Charles Baudelaire and the Flowers of Evil

June 1, 2018 | Posted by Peter Jakobsen | Poetry, WRITING & LITERATURE |

Published today (1 June) in 1857, Les Fleurs du Mal, Baudelaire’s masterpiece was controversial, of course, but it went way beyond that – beyond the outrage aux bonnes mœurs, this big, bold collection of seething poetry was genuinely terrifying.  “Walking through the neighborhoods of Paris, he observed animals rotting in the street, the homeless alcoholics, drug users, or assassins loitering in the gutters. The beggars, the blind, the ragpickers, the skinny old ladies and the young famished prostitutes, all became mediums through which he could convey his changing moods. He turned abstractions like Beauty, Sorrow, Death, the Ideal into existential…

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Paradise on 10£ a Day

April 27, 2018 | Posted by Peter Jakobsen | Poetry, RELIGION, WRITING & LITERATURE |

April 27, 1667 – John Milton assigned the copyright to Paradise Lost for 10£.  Half then, half later: he should have made it 5£ plus a percentage. And did those pounds in ancient time make up for all of his striving, and his sight?  Speculation as to why Milton wrote Satan in such a sexy way – he is close to the star of the show – and yet convicted him of an impious war on heaven on the mother of all monarchs, God herself – Milton, a congenital republican – leads nowhere, and so we just take the time…

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Knifing the Dark With Deadly Photographs

March 27, 2018 | Posted by Peter Jakobsen | AUSTRALIANIA, Poetry, WRITING & LITERATURE |

Kenneth Slessor (27 March 1901 to 30 June 1971) – He helped Australian poetry transcend its traditional town-and-country ballads and move into the 20th century. See how this distant memory, from Country Towns, perhaps a fragment of time from his birthplace of Orange, New South Wales, compares with, say, A. B. Paterson: “Verandas baked with musky sleep, Mulberry faces dozing deep, And dogs that lick the sunlight up Like paste of gold – or, roused in vain By far, mysterious buggy-wheels, Lower their ears, and drowse again….” Judith Wright wrote – “…the note of hollowness and hopelessness in Slessor’s work is inescapable…in…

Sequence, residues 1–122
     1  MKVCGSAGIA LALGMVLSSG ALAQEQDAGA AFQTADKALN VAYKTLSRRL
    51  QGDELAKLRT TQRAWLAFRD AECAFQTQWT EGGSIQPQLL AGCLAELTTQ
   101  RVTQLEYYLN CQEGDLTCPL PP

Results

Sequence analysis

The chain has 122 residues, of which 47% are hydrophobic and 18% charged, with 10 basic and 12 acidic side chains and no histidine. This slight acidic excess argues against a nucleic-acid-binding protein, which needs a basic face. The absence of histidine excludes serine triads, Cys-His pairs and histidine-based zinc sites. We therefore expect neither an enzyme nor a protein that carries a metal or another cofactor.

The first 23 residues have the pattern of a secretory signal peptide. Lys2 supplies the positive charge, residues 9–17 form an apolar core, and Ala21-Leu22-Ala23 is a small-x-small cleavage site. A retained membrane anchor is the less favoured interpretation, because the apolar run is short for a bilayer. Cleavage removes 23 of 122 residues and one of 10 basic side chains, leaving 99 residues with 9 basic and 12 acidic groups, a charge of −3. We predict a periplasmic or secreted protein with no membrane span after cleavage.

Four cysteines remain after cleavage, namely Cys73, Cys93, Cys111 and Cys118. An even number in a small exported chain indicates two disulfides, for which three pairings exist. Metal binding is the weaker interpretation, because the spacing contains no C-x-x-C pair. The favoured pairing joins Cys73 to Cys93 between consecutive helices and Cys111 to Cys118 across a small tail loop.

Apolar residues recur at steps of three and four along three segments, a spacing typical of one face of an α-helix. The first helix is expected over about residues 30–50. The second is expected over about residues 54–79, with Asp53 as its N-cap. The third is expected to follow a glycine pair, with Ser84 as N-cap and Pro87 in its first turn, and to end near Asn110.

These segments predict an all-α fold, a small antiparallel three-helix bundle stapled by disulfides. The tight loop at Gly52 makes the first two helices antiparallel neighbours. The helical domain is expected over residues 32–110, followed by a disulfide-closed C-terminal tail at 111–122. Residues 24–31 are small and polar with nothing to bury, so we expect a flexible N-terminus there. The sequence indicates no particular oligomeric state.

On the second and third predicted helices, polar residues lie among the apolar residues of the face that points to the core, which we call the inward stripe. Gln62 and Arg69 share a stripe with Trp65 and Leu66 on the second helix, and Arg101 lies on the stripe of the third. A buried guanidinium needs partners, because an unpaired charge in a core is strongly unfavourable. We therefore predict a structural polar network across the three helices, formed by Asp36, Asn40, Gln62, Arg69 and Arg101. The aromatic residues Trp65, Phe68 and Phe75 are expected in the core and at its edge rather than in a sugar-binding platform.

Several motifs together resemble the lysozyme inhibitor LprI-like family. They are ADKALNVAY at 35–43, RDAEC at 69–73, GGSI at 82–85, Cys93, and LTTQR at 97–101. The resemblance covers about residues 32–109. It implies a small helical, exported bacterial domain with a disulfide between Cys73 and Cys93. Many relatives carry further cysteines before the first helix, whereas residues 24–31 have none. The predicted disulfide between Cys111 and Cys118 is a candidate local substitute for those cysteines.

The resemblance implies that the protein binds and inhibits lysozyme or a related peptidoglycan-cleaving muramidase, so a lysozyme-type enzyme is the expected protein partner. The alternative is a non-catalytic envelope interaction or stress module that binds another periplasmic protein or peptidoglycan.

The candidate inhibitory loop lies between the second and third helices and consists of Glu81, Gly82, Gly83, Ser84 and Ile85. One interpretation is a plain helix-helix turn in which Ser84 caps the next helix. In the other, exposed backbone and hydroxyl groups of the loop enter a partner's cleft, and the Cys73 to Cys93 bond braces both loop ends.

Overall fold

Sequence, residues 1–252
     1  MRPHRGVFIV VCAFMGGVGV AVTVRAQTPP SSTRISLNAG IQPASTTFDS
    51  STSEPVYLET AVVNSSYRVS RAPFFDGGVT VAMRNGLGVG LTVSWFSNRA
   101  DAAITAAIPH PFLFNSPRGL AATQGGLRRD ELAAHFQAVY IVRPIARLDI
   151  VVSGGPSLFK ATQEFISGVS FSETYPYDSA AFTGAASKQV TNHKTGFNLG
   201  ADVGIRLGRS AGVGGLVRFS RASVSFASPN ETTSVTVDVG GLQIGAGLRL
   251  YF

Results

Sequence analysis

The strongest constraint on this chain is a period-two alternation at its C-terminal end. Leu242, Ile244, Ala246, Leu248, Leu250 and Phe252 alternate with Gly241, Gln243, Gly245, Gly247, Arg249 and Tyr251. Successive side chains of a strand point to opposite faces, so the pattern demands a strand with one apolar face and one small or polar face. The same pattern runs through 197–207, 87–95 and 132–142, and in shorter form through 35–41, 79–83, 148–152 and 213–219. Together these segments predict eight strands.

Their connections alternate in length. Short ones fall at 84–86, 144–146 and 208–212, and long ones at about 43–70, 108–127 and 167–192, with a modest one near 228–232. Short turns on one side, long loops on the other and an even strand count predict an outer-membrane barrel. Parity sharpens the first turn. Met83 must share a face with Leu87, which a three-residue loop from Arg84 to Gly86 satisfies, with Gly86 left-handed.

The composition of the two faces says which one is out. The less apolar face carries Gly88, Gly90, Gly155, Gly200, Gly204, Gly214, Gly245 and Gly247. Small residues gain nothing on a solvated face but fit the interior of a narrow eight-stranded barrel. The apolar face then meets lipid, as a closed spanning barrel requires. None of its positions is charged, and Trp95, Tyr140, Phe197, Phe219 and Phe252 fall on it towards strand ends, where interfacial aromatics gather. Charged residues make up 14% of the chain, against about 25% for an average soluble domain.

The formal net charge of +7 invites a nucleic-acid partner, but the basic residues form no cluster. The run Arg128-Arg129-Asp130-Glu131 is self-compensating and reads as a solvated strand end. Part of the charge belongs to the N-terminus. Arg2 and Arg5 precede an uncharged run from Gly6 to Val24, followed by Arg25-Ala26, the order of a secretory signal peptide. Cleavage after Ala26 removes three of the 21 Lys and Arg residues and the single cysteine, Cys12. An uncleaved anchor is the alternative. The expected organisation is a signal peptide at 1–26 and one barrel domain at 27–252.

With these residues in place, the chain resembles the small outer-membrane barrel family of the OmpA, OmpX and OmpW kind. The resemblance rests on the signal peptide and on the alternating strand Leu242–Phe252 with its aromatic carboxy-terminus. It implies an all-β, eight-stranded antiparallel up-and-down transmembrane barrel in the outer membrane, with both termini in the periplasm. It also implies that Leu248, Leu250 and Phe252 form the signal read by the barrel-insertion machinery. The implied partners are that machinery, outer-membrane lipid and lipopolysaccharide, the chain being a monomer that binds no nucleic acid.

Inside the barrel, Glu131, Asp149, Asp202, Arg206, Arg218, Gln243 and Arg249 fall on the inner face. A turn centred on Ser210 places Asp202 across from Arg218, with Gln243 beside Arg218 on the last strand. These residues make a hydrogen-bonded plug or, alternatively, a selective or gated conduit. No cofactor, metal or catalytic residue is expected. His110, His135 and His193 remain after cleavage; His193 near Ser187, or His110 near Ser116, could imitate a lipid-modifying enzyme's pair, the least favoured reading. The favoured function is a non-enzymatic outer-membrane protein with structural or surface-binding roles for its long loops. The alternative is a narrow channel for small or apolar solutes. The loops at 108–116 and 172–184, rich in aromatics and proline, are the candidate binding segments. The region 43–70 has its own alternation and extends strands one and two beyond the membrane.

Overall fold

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10 Birthdays and A Funeral

'We have to make a birthday tea for 10 and a funeral tea...'

20 March – a big day in cultural history: 43 BC – Ovid “Take your fill of amusement, but cast the veil of modesty over your peccadilloes. Never make a parade of your good fortune, and never give a woman a present that another woman will recognise.” [The Art of Love] “Death is not accustomed to injure genius, and greater fame arrives after we have become ashes…” [Epistle to an Envious Man]. 1828 – Henrik Ibsen “SOLNESS: Human beings haven’t any use for these homes of theirs. Not for being happy in. And I shouldn’t have had use for a…

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A Fatal Interview with Edna St. Vincent Millay

February 22, 2018 | Posted by Peter Jakobsen | Poetry, WRITING & LITERATURE |

Born 22 February 1892 (died 19 October 1950) TVC: Do you regret meeting George Dillon? E: He was such a gentleman.  He glowed and glowered, like a candle.  I blew him out but the moon lit up his face again. TVC: Er, ye-es.  I gather that throughout the affair, however, you never lost your love for your husband, Eugen? E: That’s right. But I was obsessed with St. George. I’m glad that most of our correspondence is lost.  There is nothing more tedious than curators poring over old love letters. TVC: Your long sequence of sonnets, Fatal Interview, sets out…

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